“Ghost towns.” That is how Bloomberg reporters recently described London, New York, and San Francisco, all of which experienced significant decreases in workplace activity during the pandemic. Such a bleak scenario seems a logical outgrowth of a trend researchers at the Brookings Institution observed in the spring. They noted that “the pandemic pivot to telework has flatlined downtown activity and raised existential questions about its future.”
Nevertheless, there is hope for downtowns hit hard by the pandemic. Many experts believe that recovery won’t be simple or quick, but that it is entirely feasible.
The ultimate goal of recovery efforts is to create environments where people live, work, and play. In the view of Eric Northbrook, SIOR, executive managing director and partner at Voit Real Estate Services in San Diego, ideal downtowns operate 24/7. For city planner Karin Brandt, founder and CEO of the technology firm coUrbanize, they are walkable and accessible places where people can accomplish most of their tasks and activities. Frank Martin, SIOR, senior associate broker at Hall Associates Inc. in Roanoke, Va., emphasizes the need for vibrant retail and restaurant communities. He also believes that ideal downtowns house large populations of residents.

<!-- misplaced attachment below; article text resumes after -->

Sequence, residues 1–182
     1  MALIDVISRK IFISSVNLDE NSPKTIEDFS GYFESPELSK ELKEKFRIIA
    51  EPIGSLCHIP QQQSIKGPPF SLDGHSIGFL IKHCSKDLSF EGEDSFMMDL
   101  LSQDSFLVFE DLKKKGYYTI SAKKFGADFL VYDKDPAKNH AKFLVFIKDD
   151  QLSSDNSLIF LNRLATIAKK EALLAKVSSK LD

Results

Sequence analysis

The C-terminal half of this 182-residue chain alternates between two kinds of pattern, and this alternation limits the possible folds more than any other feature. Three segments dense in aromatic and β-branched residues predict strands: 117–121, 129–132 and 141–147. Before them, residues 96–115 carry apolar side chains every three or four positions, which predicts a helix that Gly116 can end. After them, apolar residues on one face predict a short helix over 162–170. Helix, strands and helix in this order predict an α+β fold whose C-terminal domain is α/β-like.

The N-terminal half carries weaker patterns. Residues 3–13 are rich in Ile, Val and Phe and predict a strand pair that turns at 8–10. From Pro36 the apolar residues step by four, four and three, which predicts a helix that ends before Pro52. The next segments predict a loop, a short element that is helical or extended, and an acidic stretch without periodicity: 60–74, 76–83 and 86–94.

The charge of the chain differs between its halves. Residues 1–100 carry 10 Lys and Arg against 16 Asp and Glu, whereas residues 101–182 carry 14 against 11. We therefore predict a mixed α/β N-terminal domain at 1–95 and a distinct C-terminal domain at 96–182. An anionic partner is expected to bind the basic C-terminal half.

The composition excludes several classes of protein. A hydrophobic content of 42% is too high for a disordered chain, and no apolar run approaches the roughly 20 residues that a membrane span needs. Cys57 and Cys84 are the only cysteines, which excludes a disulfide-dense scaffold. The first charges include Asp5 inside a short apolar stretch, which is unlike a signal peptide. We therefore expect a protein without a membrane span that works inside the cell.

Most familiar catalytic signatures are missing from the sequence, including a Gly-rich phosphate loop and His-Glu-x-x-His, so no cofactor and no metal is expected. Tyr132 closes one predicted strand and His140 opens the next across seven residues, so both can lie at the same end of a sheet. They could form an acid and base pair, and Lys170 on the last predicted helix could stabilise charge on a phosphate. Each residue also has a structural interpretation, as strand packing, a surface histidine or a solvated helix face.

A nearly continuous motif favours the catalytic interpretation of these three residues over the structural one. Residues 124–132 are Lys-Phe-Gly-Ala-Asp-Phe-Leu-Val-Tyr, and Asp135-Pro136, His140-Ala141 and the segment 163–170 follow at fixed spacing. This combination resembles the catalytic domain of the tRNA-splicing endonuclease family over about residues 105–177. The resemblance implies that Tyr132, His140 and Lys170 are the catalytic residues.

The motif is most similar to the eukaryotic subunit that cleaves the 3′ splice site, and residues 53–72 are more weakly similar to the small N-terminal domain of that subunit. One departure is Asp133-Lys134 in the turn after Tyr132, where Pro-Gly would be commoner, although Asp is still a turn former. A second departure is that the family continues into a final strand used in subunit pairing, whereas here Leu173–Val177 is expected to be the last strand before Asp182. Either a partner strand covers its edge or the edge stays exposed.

EFFECTS OF THE PANDEMIC
Downtowns that met or were close to meeting these criteria encountered major obstacles when the pandemic erupted, bringing with it an exponential rise in remote work. Remote work, in turn, prompted many residents to move from high-density areas—at least temporarily—and many companies to rethink their space needs and locations.
“Many metro areas are only starting to grapple with the pandemic’s aftereffects,” says Theresa Agovino, the workplace editor at the Society for Human Resource Management. In an article entitled “Pandemic Dims Big Cities’ Bright Lights,” she characterizes the exodus of companies and individuals from urban centers as “bad news for big-city economies,” explaining: “Fewer patrons for restaurants, bars, stores and services means fewer establishments can survive and fewer workers will be needed. It also means less sales tax is collected. Meanwhile, declining rents stifle building values, which, in turn, squeeze property taxes, which are based on appraisals.”
Brian Zrimsek, industry principal at the proptech firm MRI Software, believes that cities largely dependent upon public transport were affected to a greater extent than others. The “ghost towns” of New York, London, and San Francisco serve as cases in point. All three are reliant upon public transport, and all three, according to the Bloomberg article, are experiencing workplace activity about 50% below their usual levels.
Read the full article in the Fall 2021 issue of SIOR Report, available now!